Jesus became known to the disciples in today’s gospel story in the breaking of the bread – that is, in a time of feeding. I imagine that most all of you know something about that. There is a kind of feeding we experience here in Holy Communion, something which may have sustained you down through the years. Hasn’t that been true for you? You may have secured in your memory the experience of Christ’s real presence in Holy Communion during an exceedingly joyful time: some rite of passage – a birthday or anniversary, a baptism, a wedding, a time of taking on a new responsibility or a time of giving up an old responsibility. Or perhaps it was the setting that made the celebration of the Eucharist so meaningful at some point in your experience: some church or chapel, a scene along the seaside or in the mountains, a place called “home” or a place far away from “home,” and Jesus’ real presence in the context of this “eucharistic feeding” was so clear and real for you there, and that has made all the difference. Or maybe some other kind of feeding recalls Christ’s gracious presence for you: maybe at your grandmother’s table which was like “Babbett’s Feast;” maybe a kind of “feeding” through the grace of a friendship or the kindness of a stranger; maybe through the sensory experience of the fragrance of a flower or the aroma of baking bread, or the glorious spectacle of the setting sun, or the gentle nuzzling of a favorite pet, or in the gazing at a beautiful icon or painting. Perhaps Jesus’ real presence has been made known to you in some other way, in some kind of “feeding,” literal or symbolic, and perhaps more than once, maybe even many times. And in that context how and where Jesus was really present in your life was as clear as the daybreak… and that has made all the difference for you. The remembrance of Christ’s meeting you, feeding you, may be essential as you grope your way into God’s uncharted future.
I imagine many of us here would also know about recognizing the real presence of Christ not just in the bread itself but in the in the breaking of the bread. At times in life (maybe now) we are aware of something broken in us, or in someone we love and carry in our heart. It may have to do with a diagnosis or disease or death. It may have to do less with your sense of being fed than it does with your sense of feeling starved (starved for hope or help or comfort or courage or whatever…). And somehow in this breakdown in your life or in the life of someone close to you there is some kind of breakthrough by Christ, in ways in which you could not have anticipated. Your memory can bear witness, perhaps in the sorriest and most desperate of times, of Christ’s real presence being made known to you in the breaking of something, something which you would never have chosen but cannot deny. The remembrance of Christ meeting you, his brokenness meeting your own, may be essential as you grope your way into God’s future down what may seem to be a very uncharted path. Your memory of Christ’s real presence in your past may be essential as you move ahead “in faith” into areas where you may not be able to see clearly. You may recall that “faith is the assurance of things hoped for, the conviction of things not seen….”2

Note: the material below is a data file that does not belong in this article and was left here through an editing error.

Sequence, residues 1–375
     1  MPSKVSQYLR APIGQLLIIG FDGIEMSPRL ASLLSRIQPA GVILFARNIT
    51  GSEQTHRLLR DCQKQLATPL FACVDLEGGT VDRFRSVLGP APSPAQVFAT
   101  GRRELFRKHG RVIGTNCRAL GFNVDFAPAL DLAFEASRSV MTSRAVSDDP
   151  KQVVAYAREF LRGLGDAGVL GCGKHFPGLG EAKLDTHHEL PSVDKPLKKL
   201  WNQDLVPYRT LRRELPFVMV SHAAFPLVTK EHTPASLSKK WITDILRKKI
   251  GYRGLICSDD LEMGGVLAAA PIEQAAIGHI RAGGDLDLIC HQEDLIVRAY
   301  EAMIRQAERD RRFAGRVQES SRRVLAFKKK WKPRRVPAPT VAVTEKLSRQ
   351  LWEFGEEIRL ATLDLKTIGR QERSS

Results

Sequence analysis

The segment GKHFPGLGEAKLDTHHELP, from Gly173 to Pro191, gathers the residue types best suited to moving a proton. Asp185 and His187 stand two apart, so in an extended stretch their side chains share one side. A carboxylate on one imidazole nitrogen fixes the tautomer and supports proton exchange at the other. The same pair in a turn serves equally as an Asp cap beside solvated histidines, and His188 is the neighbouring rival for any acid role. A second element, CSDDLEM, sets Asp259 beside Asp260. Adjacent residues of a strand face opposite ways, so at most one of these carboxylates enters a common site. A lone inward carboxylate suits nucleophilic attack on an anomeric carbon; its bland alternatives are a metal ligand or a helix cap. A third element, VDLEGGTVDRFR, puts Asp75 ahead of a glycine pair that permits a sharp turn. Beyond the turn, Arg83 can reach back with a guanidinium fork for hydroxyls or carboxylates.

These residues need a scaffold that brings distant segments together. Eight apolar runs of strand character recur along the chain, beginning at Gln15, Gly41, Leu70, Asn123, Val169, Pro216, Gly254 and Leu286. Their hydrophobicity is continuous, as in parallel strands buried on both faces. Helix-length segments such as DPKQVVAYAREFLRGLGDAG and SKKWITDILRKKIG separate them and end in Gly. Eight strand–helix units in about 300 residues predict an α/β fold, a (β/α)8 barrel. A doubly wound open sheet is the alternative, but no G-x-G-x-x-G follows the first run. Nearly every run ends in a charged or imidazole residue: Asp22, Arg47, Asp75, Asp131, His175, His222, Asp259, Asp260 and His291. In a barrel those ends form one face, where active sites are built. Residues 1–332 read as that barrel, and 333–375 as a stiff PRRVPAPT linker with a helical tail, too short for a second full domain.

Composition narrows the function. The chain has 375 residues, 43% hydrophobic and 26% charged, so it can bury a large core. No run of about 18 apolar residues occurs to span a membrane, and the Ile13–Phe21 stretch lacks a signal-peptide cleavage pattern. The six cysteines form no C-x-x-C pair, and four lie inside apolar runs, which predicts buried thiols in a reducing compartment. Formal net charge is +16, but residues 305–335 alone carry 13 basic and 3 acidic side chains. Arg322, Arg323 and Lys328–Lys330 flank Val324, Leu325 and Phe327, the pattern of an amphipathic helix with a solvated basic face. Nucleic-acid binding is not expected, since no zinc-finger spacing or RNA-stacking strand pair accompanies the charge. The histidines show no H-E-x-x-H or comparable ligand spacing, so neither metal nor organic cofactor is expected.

Given everything you have had to face in your life, how in the world have you made it? Draw on that memory, and the memory of God’s presence in the past to inform your faith in the future, that you may know Christ and make him known in a world dying to know his love.
Lord Jesus: Be known to us in the breaking of the bread.
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When I’m overly concerned with personal situations, I look for Jesus on the road. Sometimes I find him waiting for me, sometimes I have a hard time seeing him. But I am assured with writings like yours that he is there waiting. Thank you.
Thank you, Br. David, for this great sermon. It brought to my memory the time in 1996 when on a trip to Israel with a group of W. MO clergy led by our Bishop John Buchanan, that we had the Holy Eucharist on the banks of the Sea of Galilee. What a wonderful experience it was!
You mentioned the movie “Babette’s Feast.” We are in a stewardship campaign at our church now. How appropriate that film would be at this time! The sad fact is that, in my moving ten years ago, I lost or misplaced my copy of it. I actually had not thought of it in years, so am so glad you mentioned it and gave me the chance to remember seeing it. Thanks!
These comforting and compassionate words really spoke to me this morning. Thank you Br. David.
This sermon is reassuring and gives me encouragement and hope . I need this as a mother who is concerned for her children especially for one son who I feel needs all the encouragement that he can get at this moment of time. I pray that he finds that Jesus is always with us .
For oh so many Easters… this IS the Easter Experience… lost in the tragedy of my own experience with the suddenness of Jesus’ breaking through the darkness of my heart… drawing on memory while in my blindness, mapping mental constructs of the present out of fragments of the past.